Immediately after criticizing Daniel Craig for “not aging well,” Teresa Mull admits that “Skyfall was one of the most successful installments of the Bond series…”
While director Sam Mendes, Judi Dench, Ralph Fiennes, and Javier Bardem all deserve credit for this success, Daniel Craig is the Bond of the project.
He is the primary force in the film because Craig has successfully reinterpreted Ian Fleming’s creation to appeal once again to many audience members, while preserving the integrity of the character.
To start, I shall exclaim that I love Sean Connery. He is in fact my favorite Bond. However, looking for Connery today is like a major political party adopting the public policy agenda of a 30-year old presidency.
Sean Connery (1962-1971) was the first Bond, and while he balanced the cold, ruthless aggression of the character with a subtle–that being the key word–sense of humor, Connery had no predecessors. Thus, he had more flexibility to shape the character for the screen.
Yet the actor couldn’t retain the role forever. Much has transpired in the Bond-verse since Connery left the franchise.
The Bonds between Sean Connery and Pierce Brosnan (1995-2004), represented primarily by Roger Moore (1973-1985), lost the key balance of cold ruthlessness with subtle, suave humor.
I know for a fact that Ms. Mull has never seen a James Bond film featuring Roger Moore. If you haven’t either, I point you to this two-minute clip of his best one liners. The first two are sufficient to show that in the post-Connery era, Bond became an overbearingly self-amused character trained to spin one liners and inflate enemies with compressed air bullets rather than protect Queen and Country.
As for Brosnan, while he provided Craig with an appropriate starting point, the actor peaked in Goldeneye. From there, the franchise drowned in cheesiness, ultimately sinking to Die Another Day’s plot of evil North Koreans razing Earth with a satellite made of conflict diamonds.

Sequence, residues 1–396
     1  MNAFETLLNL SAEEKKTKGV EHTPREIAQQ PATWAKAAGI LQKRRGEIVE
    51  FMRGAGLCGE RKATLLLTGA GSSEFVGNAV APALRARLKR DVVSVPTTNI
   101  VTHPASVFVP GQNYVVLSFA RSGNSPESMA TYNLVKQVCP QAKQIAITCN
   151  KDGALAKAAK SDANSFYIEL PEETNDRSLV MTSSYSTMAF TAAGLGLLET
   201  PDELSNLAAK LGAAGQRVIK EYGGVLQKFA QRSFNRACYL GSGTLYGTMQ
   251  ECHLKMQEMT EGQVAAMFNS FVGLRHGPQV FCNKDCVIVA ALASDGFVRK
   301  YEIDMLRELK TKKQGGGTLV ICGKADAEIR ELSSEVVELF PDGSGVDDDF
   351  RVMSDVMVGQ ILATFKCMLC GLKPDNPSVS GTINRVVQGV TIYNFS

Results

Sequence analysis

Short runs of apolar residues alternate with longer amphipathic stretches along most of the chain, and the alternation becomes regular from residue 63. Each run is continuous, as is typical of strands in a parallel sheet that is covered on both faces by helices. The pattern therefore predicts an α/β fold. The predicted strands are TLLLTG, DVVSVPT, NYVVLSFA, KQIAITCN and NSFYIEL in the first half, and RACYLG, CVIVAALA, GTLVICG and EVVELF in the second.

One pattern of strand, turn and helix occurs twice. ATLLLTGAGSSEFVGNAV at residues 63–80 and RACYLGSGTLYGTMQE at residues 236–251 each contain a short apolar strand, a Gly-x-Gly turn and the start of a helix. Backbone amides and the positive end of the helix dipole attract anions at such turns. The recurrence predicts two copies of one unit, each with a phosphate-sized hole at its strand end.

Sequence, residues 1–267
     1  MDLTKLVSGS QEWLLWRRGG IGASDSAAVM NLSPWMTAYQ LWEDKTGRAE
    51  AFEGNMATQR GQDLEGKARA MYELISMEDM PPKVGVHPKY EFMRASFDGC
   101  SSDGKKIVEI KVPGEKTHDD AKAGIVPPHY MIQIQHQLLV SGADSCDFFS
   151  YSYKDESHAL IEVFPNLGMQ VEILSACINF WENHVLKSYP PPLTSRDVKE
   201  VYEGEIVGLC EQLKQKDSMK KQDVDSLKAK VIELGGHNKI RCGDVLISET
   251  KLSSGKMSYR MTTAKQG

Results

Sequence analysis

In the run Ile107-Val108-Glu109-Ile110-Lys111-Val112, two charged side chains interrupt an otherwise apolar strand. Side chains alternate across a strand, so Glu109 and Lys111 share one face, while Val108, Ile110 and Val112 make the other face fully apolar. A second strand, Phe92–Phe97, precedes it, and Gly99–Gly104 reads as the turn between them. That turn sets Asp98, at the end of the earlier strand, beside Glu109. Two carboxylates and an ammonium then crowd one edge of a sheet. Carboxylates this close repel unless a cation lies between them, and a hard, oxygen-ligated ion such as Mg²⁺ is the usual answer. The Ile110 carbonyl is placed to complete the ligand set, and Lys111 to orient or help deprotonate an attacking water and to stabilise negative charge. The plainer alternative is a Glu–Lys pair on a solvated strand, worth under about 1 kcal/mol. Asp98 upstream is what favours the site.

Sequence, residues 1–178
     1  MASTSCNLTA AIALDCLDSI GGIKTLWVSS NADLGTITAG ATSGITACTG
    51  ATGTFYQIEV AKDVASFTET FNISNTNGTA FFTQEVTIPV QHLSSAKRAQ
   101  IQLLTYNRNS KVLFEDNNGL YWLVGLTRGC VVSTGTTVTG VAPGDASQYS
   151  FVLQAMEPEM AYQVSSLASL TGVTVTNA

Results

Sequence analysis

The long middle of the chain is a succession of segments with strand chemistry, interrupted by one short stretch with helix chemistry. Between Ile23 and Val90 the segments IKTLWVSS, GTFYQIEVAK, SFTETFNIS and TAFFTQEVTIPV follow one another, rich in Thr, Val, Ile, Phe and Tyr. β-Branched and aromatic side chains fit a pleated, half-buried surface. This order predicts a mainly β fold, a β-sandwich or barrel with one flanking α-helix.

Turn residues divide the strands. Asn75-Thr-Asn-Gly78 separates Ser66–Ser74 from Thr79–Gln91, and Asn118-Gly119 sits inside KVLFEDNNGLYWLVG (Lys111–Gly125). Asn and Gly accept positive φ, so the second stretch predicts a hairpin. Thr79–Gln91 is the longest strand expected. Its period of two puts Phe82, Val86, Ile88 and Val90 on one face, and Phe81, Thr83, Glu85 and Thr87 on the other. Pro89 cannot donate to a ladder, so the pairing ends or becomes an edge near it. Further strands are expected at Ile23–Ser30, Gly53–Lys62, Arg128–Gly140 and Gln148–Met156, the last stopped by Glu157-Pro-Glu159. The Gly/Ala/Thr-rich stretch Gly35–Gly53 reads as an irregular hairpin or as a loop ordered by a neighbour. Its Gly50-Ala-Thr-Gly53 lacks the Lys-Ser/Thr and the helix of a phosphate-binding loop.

Producers Barbara Broccoli and Michael Wilson needed to cast an actor who could once again fairly represent Fleming’s secret agent.
Daniel Craig was sent in to rediscover the balance of Bond.
Though Mull rejects him for being too dark and unamusing, Craig preserves the nature that Connery captured and intervening Bonds had defaced. As shown by his suave smirk featured in this scene from Casino Royale, Craig helped renew a 50-year old franchise with his blue eyes, pragmatic grit, and appropriately restrained sense of humor.
After all, he is a trained killer.
To finish, I call attention to the fact that Ms. Mull decried Craig for appearing too much like our “long-suffering superheroes.” However, her nomination to play James Bond, Henry Cavill, will be playing Superman this summer.
Let’s stick with our man on the job.
Notice to Readers: The American Spectator and Spectator World are marks used by independent publishing companies that are not affiliated in any way. If you are looking for The Spectator World please click on the following link: https://spectatorworld.com/.